“How ought we to believe?” For the participants at The Conviction Workshop, this question raised a number of concerns about the nature, function and appropriateness of “conviction.” As a moral, cultural, emotional and political concept, conviction bridges the ground between belief and action. For some, moral convictions can serve to protect or correct normative structures; it might mean committing oneself to action or detachment; be uncritical or allow for evaluation; can be a product of one’ s social atmosphere or the proof of one’s individuality; and be the difference between blind acceptance or true knowledge. In exploring this concept, the workshop examined questions, such as 1) What is a conviction? 2) How do we acquire convictions? 3) What is required to hold or express a conviction?
This interdisciplinary workshop featured talks given by Jen Cole Wright (Psychology), Matthew Pianalto (Philosophy & Religion), Deborah Mower (Philosophy), Christiane Heibach (Media Studies) and Justin E. H. Smith (History). The papers from this workshop will be gathered together in a larger collection so that conviction can be better understood, communicated, and practiced today.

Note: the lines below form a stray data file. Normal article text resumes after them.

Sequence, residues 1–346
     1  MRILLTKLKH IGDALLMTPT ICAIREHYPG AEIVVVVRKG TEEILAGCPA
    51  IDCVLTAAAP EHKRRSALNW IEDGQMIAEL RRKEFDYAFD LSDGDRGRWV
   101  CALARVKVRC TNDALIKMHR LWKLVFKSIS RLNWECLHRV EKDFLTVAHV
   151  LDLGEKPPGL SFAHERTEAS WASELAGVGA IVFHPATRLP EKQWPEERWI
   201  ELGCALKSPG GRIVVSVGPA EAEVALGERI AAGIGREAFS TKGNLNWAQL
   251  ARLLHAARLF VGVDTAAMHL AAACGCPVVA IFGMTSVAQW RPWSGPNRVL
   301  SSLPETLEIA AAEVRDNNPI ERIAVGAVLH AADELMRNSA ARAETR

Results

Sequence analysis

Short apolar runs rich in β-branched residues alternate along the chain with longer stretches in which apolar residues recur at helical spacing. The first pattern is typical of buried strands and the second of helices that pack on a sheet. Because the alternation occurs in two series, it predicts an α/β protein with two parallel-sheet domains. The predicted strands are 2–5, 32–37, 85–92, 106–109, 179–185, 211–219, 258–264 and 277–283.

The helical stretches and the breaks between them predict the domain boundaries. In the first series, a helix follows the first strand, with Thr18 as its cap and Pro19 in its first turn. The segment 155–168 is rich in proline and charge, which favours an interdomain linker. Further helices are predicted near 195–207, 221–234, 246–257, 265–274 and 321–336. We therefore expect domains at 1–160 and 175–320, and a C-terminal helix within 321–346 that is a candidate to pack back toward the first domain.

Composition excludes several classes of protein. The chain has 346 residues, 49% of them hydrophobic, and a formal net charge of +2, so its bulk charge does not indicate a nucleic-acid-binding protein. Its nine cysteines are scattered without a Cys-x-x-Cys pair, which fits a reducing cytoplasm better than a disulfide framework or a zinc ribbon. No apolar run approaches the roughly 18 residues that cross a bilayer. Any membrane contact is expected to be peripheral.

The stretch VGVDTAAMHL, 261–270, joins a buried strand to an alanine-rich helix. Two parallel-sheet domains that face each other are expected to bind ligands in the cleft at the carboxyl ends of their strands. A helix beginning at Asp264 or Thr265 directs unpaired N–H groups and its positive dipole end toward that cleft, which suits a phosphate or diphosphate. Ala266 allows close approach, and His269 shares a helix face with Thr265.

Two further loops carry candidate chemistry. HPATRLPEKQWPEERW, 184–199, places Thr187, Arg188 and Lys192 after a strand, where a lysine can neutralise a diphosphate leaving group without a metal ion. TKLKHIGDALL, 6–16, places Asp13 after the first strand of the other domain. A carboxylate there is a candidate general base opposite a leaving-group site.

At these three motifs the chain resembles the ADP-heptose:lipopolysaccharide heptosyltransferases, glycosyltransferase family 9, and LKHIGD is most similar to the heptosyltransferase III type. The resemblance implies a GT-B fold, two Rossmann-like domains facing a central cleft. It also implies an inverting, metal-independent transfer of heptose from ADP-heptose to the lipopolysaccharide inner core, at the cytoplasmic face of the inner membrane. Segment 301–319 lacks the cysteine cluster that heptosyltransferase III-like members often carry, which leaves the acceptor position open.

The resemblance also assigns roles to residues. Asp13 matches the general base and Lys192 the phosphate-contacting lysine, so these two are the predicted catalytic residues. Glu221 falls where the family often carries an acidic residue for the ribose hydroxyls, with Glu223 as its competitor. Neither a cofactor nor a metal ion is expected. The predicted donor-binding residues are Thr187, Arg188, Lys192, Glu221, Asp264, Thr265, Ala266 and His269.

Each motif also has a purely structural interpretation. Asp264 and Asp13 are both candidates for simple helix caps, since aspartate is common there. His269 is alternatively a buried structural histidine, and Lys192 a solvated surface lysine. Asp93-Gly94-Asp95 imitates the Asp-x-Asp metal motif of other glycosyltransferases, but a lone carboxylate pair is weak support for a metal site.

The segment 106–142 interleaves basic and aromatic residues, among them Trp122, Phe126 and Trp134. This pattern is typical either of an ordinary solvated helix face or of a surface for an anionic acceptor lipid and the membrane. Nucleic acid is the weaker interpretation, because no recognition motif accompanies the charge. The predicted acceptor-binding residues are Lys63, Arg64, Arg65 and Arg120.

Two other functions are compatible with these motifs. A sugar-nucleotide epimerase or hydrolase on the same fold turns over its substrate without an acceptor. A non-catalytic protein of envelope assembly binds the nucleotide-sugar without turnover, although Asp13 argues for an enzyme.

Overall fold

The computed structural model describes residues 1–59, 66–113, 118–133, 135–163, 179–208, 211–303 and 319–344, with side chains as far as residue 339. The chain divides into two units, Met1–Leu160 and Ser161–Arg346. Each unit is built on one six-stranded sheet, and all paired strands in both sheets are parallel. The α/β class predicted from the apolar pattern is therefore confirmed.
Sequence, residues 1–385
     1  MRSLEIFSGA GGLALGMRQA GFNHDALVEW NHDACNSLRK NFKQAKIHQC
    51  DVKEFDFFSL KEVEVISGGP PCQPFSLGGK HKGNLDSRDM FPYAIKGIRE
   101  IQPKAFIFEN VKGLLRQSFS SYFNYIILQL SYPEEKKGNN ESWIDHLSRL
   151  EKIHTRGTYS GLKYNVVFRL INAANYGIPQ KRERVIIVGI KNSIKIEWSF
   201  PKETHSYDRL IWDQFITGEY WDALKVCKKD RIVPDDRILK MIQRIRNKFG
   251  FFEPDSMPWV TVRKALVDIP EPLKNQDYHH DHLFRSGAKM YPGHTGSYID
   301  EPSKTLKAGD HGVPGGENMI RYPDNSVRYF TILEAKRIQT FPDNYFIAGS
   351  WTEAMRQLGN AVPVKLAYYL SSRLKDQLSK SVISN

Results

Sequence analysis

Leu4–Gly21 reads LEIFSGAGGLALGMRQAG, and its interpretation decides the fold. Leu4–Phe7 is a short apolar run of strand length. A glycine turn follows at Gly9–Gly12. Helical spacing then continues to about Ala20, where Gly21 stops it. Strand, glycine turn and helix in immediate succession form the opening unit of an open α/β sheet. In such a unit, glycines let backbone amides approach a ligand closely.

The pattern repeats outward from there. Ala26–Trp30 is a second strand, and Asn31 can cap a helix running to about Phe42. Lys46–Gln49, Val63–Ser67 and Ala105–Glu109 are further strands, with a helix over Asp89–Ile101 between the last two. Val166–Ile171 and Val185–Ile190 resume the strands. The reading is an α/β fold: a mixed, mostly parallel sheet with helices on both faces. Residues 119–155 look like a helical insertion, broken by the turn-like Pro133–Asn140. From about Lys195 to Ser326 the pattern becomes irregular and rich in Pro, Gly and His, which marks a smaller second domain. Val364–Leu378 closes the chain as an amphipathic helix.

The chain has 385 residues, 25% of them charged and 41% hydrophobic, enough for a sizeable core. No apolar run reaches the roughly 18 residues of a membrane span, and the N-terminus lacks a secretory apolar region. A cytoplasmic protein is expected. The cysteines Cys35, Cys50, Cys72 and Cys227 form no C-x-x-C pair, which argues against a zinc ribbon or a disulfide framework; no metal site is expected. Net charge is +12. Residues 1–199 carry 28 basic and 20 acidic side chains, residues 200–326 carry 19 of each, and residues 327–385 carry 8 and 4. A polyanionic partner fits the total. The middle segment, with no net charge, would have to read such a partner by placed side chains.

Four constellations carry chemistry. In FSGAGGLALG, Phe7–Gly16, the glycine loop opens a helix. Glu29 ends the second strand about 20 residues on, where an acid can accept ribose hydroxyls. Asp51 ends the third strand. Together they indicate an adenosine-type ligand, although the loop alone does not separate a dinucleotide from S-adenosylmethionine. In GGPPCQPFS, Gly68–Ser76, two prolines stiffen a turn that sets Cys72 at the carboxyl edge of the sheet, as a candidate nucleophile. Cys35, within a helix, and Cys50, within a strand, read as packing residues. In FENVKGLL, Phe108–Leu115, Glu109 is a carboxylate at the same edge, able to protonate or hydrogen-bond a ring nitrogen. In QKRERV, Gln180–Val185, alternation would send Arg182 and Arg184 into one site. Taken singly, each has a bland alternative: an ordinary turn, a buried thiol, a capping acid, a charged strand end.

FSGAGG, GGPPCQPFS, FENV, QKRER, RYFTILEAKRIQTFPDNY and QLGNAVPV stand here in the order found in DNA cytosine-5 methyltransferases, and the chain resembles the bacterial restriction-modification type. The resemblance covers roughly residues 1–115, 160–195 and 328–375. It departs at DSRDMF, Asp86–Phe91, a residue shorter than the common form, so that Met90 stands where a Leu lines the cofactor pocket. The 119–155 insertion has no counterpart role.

Devotion, democracy and Duterte
Walls: Knocking Down The Barriers That Divide Us
Article published in Nature Human Behaviour :
by Philip M. Fernbach, Nicholas Light, Sydney E. Scott, Yoel Inbar, Paul Rozin
Why it’s so hard to see our own ignorance, and what to do about it.
“A Royal Visit” post by Alessandra Tanesini on Changing Attitudes in Public Discourse
“Moral Conviction and Civility”
Thursday, December 6, UCHI Conference Room, 2:00 – 3:30 PM
Deborah Mower is an Associate Professor of Philosophy at the University of Mississippi, and specializes in Moral Psychology, Applied Ethics, Moral Education, Virtue Ethics, and Asian Philosophy.
American political discourse has always been combative but recent years have brought a marked increase in incivility, vitriol, and violence among both private citizens and public figures. While there are doubtless many causes for this increase, there is a corresponding rise in identity politics, polarization, information filtering and avoidance, heightened moral judgment, and adoption of outrage culture. Psychologists have studied the phenomenon of moral conviction and offer helpful ways to understand at least part of this recent rise of incivility. Moral conviction is a specific attitude subjects take toward some issue and is characterized by universality, objectivity, autonomy, and emotional intensity, yielding increased motivation and justification for action (Skitka 2010). Clearly, moral conviction matters for our individual choices and for motivating moral progress, but it also carries a dark side of incivility, intolerance, non-engagement (avoidance), and violence toward those who are thought to hold different moral views. I offer an account of civility as an orienting attitude toward the procedures and standards of dynamic exchange. As an orienting attitude, civility can moderate moral conviction by promoting its positive functions while limiting its dark outcomes.